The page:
There's no shortage of smoking guns in Failures of Command, Hugh Poate's detailed, searing, and comprehensive book about the tragic death of his son in Afghanistan in 2012: the biggest question confronting the reader is simply choosing which to pick.
The day of August 29 that year had been hot. The temperature had stretched up to 48 degrees in the middle of the day and so it was with relief, as the dust began settling and the cool breeze rolled up the Baluchi Valley, that Private Robert Poate and 11 of his mates knocked off for the evening. Patrol Base Wahab was really nothing more than a collection of old containers, sandbags and pre-fab huts that marked the tenuous edge of the Kabul government's control. It was, however, where Robert Poate's Mentoring Task Force 4 began relaxing as they prepared to bed down for the night. Six of his mates were playing a card game, poker, while others sat around a board game, Risk. Poate was facing those makeshift play tables, his back towards the closing darkness around him.
Suddenly three bursts of fire slammed into the diggers, killing Poate and Sapper James Martin instantly and lodging a bullet into Lance Corporal Rick Milosevic's heart, from which he would die before a rescue helicopter could evacuate him to the emergency hospital at Tarin Khot. Two other soldiers lay badly wounded while the diggers returned fire - but not at Hekmatullah, the Afghan sergeant who had unleashed the stream of bullets. He was camouflaged by the dark and sudden confusion and terror, standing behind a parked Bushmaster armoured vehicle. The defensive bullets were directed instead at two of the overwatch guard towers, manned by local soldiers.
Although neither askar (Afghan soldier) returned fire with their heavier weaponry, the situation was a mess.
This wasn't the first insider attack on the Aussies. That had occurred more than a year earlier at the next outpost, a couple of kilometres up the valley. That was where a cook, Private Andrew Jones, had been targeted by another Taliban sympathiser. By this time the Australian intervention was more than a decade old and, although a lot had happened and some 33 years had passed since the old Presidential Palace in Kabul had first been turned into a shooting gallery by Soviet Spetsnaz forces, the capacity for death to arrive unexpectedly and suddenly should not have come as a surprise to anyone. Least of all, insists Hugh Poate, the chain of command responsible for the execution of the mission allocated to the diggers.
And that's where he trains his sights.
Hugh Poate, Robert's father, is a careful, determined, now-retired public servant, a former agricultural economist by training, and this book - which has been through multiple careful edits - displays on every page a determined effort to stifle his personal emotions and allow the facts to speak for themselves. The result is not pretty. Poate's thorough and careful exploration draws out the threads of what he believes was, ultimately, a failure of command.
There are two keys to understanding this accusation. The first circles around FRAGO 13 - a fragmentary or abbreviated order issued a couple of weeks before the killings by the US Multinational Force Commander back in Kabul. A FRAGO modifies the basic operational order and signifies that something has changed: in this case, it noted a significant spike in insider attacks. Poate points to this and numerous other similar omissions, such as the biometric enrolment of Afghan soldiers or monitoring of their telephone calls that, he asserts, could have saved his son and the others if they'd been properly implemented.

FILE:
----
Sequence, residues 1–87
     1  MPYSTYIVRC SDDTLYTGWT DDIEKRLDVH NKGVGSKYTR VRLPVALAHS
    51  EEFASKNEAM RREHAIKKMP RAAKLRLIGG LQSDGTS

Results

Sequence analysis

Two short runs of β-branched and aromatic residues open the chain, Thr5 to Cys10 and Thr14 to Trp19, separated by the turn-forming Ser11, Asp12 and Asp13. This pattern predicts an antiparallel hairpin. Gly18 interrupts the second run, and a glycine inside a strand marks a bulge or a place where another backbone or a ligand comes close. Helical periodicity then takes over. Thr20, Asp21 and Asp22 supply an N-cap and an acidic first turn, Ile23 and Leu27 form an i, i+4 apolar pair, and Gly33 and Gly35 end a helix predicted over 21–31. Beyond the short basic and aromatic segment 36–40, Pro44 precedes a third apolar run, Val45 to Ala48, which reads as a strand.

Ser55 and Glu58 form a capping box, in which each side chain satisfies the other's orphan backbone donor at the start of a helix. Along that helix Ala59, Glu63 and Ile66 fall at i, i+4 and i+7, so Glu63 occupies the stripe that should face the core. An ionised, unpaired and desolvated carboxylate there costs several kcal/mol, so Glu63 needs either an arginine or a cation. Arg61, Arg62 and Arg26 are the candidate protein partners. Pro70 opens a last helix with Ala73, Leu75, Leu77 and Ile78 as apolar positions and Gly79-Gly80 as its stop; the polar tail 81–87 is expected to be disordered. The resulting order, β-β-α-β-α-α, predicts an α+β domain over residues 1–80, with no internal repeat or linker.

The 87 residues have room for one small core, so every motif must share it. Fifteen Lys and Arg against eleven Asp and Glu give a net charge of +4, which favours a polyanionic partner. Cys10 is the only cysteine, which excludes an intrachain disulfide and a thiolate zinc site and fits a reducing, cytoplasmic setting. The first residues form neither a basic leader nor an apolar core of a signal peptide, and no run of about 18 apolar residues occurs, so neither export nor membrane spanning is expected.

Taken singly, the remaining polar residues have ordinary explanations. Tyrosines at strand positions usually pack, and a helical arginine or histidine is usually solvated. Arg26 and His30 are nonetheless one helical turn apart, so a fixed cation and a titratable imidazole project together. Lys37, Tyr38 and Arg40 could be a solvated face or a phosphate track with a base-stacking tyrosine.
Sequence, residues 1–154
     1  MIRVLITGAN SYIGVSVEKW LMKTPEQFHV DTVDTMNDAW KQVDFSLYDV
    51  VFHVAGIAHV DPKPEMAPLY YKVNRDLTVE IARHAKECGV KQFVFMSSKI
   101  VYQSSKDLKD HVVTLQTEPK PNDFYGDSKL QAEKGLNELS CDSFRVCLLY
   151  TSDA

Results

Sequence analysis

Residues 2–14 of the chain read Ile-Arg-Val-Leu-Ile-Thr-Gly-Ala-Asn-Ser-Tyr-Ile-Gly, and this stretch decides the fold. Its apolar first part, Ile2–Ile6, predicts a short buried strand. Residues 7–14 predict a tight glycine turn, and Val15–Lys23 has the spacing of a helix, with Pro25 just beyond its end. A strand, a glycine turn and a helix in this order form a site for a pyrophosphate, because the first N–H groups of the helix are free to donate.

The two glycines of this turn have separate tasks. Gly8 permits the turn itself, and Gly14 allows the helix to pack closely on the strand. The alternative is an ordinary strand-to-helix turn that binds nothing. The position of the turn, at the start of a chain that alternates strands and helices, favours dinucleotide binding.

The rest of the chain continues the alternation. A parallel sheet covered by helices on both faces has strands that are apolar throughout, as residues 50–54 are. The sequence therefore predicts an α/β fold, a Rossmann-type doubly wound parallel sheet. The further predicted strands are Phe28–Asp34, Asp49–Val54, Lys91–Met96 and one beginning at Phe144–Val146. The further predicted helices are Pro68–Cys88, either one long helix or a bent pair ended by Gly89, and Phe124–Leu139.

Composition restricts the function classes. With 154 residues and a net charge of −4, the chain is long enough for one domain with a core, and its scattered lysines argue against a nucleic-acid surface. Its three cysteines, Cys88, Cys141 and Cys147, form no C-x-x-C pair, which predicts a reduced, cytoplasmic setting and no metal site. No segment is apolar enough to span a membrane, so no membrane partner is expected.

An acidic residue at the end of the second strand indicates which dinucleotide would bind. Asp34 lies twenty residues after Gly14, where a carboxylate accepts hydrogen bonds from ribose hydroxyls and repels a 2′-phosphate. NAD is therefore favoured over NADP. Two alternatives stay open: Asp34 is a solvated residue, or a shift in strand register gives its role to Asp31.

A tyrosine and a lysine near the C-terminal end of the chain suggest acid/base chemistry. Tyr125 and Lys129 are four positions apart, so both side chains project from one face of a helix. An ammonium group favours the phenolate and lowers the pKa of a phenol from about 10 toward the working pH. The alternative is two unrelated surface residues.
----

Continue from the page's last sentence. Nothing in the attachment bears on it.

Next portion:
I suspect it is his second charge, however, that drives the anger that imbues every word in this book with its fury and rage.
On the final day of the coroner's hearing, the grieving families were called to a meeting with, Poate says, an "insensitive, intimidating and bullying" brigadier. This quickly escalated into, he writes, a series of threats including "a moment of pure bastardry" as the officer's eyes plunged into them "like a blowtorch burning holes into our already broken hearts". Read the book to find out how the grieving families say they were treated by a senior officer on the CDF's staff; but if you want to find out how the brigadier's service was subsequently rewarded, look instead at the citations list for the Order of Australia.
Leaving aside whatever actually occurred during this incident, it clearly seems to explain the animus against the "officer class" that so powers the book.
A total of seven diggers were killed in insider attacks by soldiers they were training. That's because the Taliban found it a successful tactic, much easier than taking on professional forces on the battlefield. And this, although so often passed over, is of course the real point about this phase of the engagement.
The Taliban were prepared to die, but they wanted their martyrdom to mean something. The US had long been targeting the insurgents in their homes and across the border in Pakistan; it was inevitable that they would do the same thing and strike at NATO's troops in the barracks. That's what war is like. People die, terribly.
Poate singles out some individuals and attempts to sheet home the blame for his son's death to what he describes as their failures in command. You be the judge. But as you examine the charge sheet, ask what's not on it as well. It only took four more combat-related deaths - two in a helicopter crash, one from an IED, and the last in a firefight, before the remaining forces were pulled out of the country. The "mission" had been growing in pointlessness for a long time, long before the insider attacks began - and you can't blame the generals for that.
It was the politicians who failed to reconcile the deployment with progress in securing the Afghan state. But that, of course, is quite another book entirely.
- Nicholas Stuart is a Canberra writer and a regular columnist.